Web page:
Italy’s senate speaker has been temporarily handed the reins of power by the president in a bid to form an interim government. Its task will be to try to find consensus among rival political factions to reform electoral law – widely blamed for the collapse last week of Italy’s 61st government since world war two.
Italy’s second highest ranking official after the president, Franco Marini faces a tough task, especially convincing conservative opposition leader Silvio Berlusconi to drop demands for early elections.
Opinion polls reveal he would win more than 50 percent of the vote in the event of a snap ballot. With Berlusconi digging his heels in, consensus looks elusive. Prodi’s administration collapsed last Thursday after just 20 months in power.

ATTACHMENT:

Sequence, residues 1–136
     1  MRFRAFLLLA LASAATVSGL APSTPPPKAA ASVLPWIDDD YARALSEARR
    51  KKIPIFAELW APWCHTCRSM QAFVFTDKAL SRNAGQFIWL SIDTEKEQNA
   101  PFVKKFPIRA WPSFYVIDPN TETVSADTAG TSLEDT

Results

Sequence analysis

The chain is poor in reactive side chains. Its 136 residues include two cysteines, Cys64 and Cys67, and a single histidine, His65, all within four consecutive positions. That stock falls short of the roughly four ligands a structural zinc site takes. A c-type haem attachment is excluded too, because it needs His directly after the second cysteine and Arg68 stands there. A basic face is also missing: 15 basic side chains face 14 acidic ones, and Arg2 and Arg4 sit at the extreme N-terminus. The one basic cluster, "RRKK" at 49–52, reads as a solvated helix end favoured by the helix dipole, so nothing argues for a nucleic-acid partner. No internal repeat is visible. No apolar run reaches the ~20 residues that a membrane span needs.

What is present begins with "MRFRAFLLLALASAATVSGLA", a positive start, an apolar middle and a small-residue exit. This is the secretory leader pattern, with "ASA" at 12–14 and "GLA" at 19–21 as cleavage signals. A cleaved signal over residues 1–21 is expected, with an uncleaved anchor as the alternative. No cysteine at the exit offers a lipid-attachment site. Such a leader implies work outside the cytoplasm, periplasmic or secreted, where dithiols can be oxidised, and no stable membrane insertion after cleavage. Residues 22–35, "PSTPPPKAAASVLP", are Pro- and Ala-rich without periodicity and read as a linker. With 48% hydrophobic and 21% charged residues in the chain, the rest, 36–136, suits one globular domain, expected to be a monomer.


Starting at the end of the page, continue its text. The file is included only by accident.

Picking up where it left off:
Marini will have to see whether he can gather enough support in both houses of parliament to win a vote of confidence and later pass electoral law – a job for which his position as senate speaker, which demands neutrality, could stand him in good stead.
Now only time will tell whether he will live up to the challenge and pass legislation that would give Italians a more stable government.